I am drinking self-made almond milk, spiced with cinnamon, ginger, and cardamom, and heated into a marvellous froth. It is creamy, tingly, delicious… and all I can think about is how much better it would be with… coffee.
I’ve been trying to not drink coffee for somewhere between four and six months now.
I have never missed a lover, my children, or any experience, ever, as I now miss my black drug.
Cinder: Anyone want lettuce? Only slightly used?
Jane: No, nobody wants your used lettuce.
Cinder: I didn’t bite it. I just took it off my burger.
Heaven forbid the teenager eat something green. Please don’t judge me if he gets scurvy. I keep the house stocked in limes.
And also vegetables.
But I don’t think most of them ever make it down to his stomach.
Still. He’s like six feet eighteen inches (I exaggerate only slightly) and he’s only fifteen. I guess he’s not that malnourished.
This has nothing to do with my coffee saga. He just happened to wander into the kitchen while I was writing this.
So, this isn’t going to be a painful, TMI, self-confessional post about addictions. But I do want to tell you, I started drinking alcohol—mostly wine—dysfunctionally four years and four-five weeks ago, more or less to the day; I quit drinking dysfunctionally three years less four-five weeks ago today.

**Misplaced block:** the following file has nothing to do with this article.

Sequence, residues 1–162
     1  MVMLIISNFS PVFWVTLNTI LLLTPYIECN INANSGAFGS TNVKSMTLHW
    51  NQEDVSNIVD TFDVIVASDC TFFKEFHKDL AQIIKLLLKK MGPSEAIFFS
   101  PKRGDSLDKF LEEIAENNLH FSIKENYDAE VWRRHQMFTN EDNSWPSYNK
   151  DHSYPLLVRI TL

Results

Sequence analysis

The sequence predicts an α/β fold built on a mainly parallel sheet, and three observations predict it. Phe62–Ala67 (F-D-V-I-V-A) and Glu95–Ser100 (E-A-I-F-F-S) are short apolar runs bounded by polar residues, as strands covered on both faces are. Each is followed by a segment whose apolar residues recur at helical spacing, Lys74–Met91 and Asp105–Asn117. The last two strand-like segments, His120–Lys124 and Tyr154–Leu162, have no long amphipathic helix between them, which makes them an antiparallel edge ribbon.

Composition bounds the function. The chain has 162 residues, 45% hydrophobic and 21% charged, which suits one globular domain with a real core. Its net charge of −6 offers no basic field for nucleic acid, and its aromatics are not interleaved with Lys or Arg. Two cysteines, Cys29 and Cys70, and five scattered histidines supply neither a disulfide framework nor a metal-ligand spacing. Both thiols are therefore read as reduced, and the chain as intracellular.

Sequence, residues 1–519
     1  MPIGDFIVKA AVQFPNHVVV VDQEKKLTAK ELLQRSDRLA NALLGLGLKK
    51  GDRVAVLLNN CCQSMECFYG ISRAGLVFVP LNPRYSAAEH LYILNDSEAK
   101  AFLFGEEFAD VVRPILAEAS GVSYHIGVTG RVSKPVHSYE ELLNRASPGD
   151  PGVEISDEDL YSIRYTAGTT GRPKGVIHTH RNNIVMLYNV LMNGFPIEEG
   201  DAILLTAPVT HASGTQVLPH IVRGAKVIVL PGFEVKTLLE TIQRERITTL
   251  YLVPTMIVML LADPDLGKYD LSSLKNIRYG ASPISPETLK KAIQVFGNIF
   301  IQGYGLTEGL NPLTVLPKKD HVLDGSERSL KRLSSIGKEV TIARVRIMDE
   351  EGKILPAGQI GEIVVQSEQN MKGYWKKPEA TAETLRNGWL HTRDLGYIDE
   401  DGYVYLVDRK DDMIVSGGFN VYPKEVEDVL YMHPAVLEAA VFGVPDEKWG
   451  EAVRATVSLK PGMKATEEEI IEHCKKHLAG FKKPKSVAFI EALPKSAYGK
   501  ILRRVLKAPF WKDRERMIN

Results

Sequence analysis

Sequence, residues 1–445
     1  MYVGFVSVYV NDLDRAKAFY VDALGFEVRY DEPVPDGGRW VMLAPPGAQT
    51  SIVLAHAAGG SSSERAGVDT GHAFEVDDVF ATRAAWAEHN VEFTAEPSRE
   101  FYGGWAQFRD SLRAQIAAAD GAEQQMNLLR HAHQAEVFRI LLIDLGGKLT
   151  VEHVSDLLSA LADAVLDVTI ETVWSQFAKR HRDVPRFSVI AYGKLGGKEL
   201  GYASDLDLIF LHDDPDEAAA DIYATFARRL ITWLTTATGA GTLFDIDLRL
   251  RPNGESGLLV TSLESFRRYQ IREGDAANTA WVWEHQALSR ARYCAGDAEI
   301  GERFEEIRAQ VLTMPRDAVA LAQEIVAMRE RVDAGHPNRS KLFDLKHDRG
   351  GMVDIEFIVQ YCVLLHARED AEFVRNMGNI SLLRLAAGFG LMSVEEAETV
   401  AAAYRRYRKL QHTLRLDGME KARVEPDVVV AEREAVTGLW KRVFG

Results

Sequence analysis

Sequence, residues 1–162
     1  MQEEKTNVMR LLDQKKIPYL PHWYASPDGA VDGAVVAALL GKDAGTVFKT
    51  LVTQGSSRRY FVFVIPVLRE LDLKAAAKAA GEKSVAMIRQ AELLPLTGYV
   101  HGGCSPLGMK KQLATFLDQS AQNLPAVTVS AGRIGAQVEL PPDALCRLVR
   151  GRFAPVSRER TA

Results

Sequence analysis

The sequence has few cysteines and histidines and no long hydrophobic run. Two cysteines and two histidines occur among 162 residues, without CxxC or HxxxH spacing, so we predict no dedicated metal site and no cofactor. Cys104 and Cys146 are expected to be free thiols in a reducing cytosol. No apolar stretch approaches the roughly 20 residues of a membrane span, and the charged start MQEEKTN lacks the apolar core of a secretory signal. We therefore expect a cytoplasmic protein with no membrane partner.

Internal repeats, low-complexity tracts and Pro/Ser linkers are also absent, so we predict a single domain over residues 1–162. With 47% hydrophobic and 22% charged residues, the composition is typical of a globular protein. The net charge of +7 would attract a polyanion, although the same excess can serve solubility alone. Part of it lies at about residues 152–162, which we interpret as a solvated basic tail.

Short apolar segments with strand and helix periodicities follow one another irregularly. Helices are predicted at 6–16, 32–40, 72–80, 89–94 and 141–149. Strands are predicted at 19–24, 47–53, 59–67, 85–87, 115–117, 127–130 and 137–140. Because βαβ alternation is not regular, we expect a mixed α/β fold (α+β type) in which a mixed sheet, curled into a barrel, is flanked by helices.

It was a rather interesting experience, my year of using alcohol as numbing-coping-we-will-get-through-this tool. Like so many of life’s most intense experiences, its pathos, its impact… and its hidden (or not so hidden) lessons and consequences are visible only in retrospect. At the time, all I was doing was opening a bottle of wine every night. To have with dinner.
But, I put the brakes on that quite quickly and, really, all things considered, easily, once I noticed what the hell I was doing. I like to think I’m either too self-aware or too contrary to really cultivate addictions and excessively self-destructive behaviours.
Or so I tell myself as I engage in my newest vice, lighting each cigar, reaching for each sheesha toke with a sick combination of clinical self-awareness and abandoned hedonism. I know the danger of letting the smoke swirl in my mouth, nose, lungs. But there is something about that experience… What am I chasing in that moment? What is it that I am craving? I dive into the crevices of the vice and craving—and, sometimes, surrender to it willingly… other times, fight it, win, feel self-righteous and powerful… sometimes, lose… feel shame, learn compassion.
Flora: Worst! Parents! Ever!
So what happened was, she dropped a pizza slice on her foot and got burned by the pizza sauce.
And we laughed.
Flora: Aren’t you going to help me?
Sean: Are you asking me to lick the pizza sauce off your foot and the floor? Cause that’s gross.
Jane: No. But I’m going to blog about it.
Flora: Worst. Parents. Ever.
She’s so lucky. Do you think she’ll ever realize how lucky she is, she was?
Maybe when she’s 40. Right now, she’s 12. And we suck.
Flora: Why don’t you blog about how you can’t stop whining about how much you miss coffee instead?
Worst. Child. Ever.
I’m kidding. ;P I know how lucky I am.
Jane: Threat fail. Already doing it.
I am not, by the way, whining incessantly about how much I miss coffee. What I am doing is… I am exploring, and curbing, my coffee drinking habit.